Animal Bites And Rabies: Its Symptoms And Treatment Guidelines

Animal bites are common occurrence in our society. Many different types of animals can bite; it can be a pet or wild animal. Children as well as adults are vulnerable to animal bites. It is very difficult to know the exact numbers of animal bites in a particular place, because all animal bites are not reported to the authorities.

Most of the animal bites are either due to a dog or a cat. They account for a major bite wound injury in an emergency department. The other common species of animal known to bite humans are raccoons, skunks, foxes, bats, snakes, ferrets, squirrel, hamster etc.

In coastal area marines animal bites are also common example (shark or eel).

Animal Bites Causing Rabies

A bite from an animal should not be neglected, as it may cause infection, tetanus or rabies. Rabies is a fatal disease. Infection occurs because the bacteria present in animal’s mouth contaminate the wound. These bacteria multiply in the wound giving rise to infection. Sometime the infection can become life threatening.

Infection from cat bite is more common. This is because; cats have extremely sharp teeth that can pierce deep inside your skin. The other most common worry amongst people bitten by an animal is to know whether they need rabies shot.

The main wild animals that carry rabies infection are raccoons, foxes, wolves, and bats. Pet dogs and cats that have been vaccinated rarely have rabies. However stray dogs and other animals may have rabies as their vaccination status is not known. Rabies is quiet rare, but is fatal if not treated when a rabid animal bites the person. The treatment consists of rabies vaccination.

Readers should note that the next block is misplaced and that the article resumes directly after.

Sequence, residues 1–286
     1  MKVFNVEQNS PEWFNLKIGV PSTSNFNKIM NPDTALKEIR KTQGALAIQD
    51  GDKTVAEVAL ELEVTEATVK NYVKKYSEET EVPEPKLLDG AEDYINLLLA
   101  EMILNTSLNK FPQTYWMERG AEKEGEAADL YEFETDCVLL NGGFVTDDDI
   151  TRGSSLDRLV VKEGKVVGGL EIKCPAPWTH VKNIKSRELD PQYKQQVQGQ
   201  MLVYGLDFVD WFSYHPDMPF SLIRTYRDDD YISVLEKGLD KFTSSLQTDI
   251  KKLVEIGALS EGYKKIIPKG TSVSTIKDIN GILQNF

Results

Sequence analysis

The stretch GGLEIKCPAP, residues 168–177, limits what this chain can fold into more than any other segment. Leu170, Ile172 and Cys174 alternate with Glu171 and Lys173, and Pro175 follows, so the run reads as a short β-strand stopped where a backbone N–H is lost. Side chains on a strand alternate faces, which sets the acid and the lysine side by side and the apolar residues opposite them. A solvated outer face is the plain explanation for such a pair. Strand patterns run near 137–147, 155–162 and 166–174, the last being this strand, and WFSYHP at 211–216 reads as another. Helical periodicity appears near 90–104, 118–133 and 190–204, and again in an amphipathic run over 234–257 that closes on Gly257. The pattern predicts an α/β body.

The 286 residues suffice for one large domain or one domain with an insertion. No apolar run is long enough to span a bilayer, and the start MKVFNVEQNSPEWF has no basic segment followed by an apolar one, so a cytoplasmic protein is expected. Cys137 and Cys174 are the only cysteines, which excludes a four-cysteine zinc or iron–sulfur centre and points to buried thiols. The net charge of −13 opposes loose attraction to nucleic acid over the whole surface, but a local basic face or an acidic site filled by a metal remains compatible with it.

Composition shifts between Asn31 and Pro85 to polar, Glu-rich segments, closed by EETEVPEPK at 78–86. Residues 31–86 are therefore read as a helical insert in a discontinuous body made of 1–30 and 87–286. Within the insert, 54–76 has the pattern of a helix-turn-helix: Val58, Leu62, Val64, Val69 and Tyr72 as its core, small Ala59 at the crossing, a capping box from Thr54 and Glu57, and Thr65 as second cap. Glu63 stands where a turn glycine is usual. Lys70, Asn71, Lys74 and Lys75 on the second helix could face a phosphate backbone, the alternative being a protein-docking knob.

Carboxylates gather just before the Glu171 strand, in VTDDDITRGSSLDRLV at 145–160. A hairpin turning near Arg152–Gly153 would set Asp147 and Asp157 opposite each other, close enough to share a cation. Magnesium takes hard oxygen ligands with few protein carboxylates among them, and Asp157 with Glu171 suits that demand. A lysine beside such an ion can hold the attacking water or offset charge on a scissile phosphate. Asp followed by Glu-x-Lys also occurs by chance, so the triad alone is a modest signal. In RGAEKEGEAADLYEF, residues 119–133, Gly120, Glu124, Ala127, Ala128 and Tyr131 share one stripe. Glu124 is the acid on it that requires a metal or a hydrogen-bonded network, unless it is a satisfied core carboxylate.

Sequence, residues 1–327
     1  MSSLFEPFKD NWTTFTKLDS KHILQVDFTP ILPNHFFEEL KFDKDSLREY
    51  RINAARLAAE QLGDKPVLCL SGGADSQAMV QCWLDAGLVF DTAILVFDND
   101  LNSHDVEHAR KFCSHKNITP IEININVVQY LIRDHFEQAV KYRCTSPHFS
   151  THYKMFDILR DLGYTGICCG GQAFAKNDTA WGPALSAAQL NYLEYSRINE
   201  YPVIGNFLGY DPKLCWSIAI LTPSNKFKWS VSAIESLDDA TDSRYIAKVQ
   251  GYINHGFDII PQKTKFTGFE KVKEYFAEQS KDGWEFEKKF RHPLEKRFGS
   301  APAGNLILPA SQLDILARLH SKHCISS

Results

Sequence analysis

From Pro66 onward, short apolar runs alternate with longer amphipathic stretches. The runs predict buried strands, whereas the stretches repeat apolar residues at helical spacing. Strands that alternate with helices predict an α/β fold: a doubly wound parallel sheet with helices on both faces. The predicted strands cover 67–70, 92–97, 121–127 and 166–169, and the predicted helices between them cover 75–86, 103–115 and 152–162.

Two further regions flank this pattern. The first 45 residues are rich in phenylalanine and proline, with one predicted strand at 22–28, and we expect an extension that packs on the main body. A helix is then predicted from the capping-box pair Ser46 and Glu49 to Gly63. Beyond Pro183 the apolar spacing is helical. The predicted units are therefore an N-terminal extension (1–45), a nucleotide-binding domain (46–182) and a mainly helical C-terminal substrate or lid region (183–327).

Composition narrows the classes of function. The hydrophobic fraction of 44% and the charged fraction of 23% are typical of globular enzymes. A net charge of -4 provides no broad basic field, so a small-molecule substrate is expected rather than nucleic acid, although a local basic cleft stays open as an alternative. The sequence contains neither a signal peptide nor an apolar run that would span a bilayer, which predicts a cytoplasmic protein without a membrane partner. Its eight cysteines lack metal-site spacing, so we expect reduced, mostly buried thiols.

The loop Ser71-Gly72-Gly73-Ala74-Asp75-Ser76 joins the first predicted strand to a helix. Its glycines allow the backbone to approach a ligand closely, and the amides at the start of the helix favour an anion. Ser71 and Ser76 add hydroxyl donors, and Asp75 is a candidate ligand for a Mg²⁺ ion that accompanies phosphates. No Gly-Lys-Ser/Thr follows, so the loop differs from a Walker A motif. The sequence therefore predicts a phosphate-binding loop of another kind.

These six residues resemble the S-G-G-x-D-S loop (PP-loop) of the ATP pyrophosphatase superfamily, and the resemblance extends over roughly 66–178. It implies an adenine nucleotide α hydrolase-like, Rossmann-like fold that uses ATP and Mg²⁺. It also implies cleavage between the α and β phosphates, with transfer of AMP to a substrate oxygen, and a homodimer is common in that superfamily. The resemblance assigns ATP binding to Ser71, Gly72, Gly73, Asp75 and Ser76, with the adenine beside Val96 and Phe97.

Symptoms Of Animal Bites

Common symptoms of different types of animal bite are:

  • Pain at the site of bite
  • Bleeding
  • Swelling at the site of bite
  • Redness
  • Anxiety
  • Fear due to bite, persisting for sometime after the bite.

If the bite wound gets infected, the symptoms include:

  • Warmth around the area of infection.
  • Throbbing pain at the site of bite.
  • Pus draining from the site of wound.
  • Red streaks seen at the site of bite.
  • Swelling of the regional lymph nodes. If the bite is in the hand and if it is infected, lymph nodes in the armpit become swollen.
  • Fever
  • Weakness

Treatment Guidelines For Animal Bites

  • As soon as a person is bitten by an animal, the first thing he should do is take some soap water and scrub the wound thoroughly to remove the saliva and debris from the wound site.
  • If the bite wound is extremely bleeding and there is wide gaping, the skin and damaged tissue may need suturing to stop bleeding.
  • If a person has been bitten by the pet cat or a dog, find out whether it is vaccinated for rabies.
  • If a healthy pet has bitten, it should be confined and watched for ten days to see if it develops symptoms of rabies.
  • If you have been bitten by a wild animal it is necessary to take a shot of rabies vaccine. For this you will have to consult your doctor.
  • A tetanus shot should be taken soon after any animal bite.
  • If the wound is infected, culture of the pus will help to identify the organism. A proper antibiotic can be given once culture and sensitivity result is obtained.
  • Some serious bites may require the use of antibiotics intravenously, while some get healed with oral antibiotics.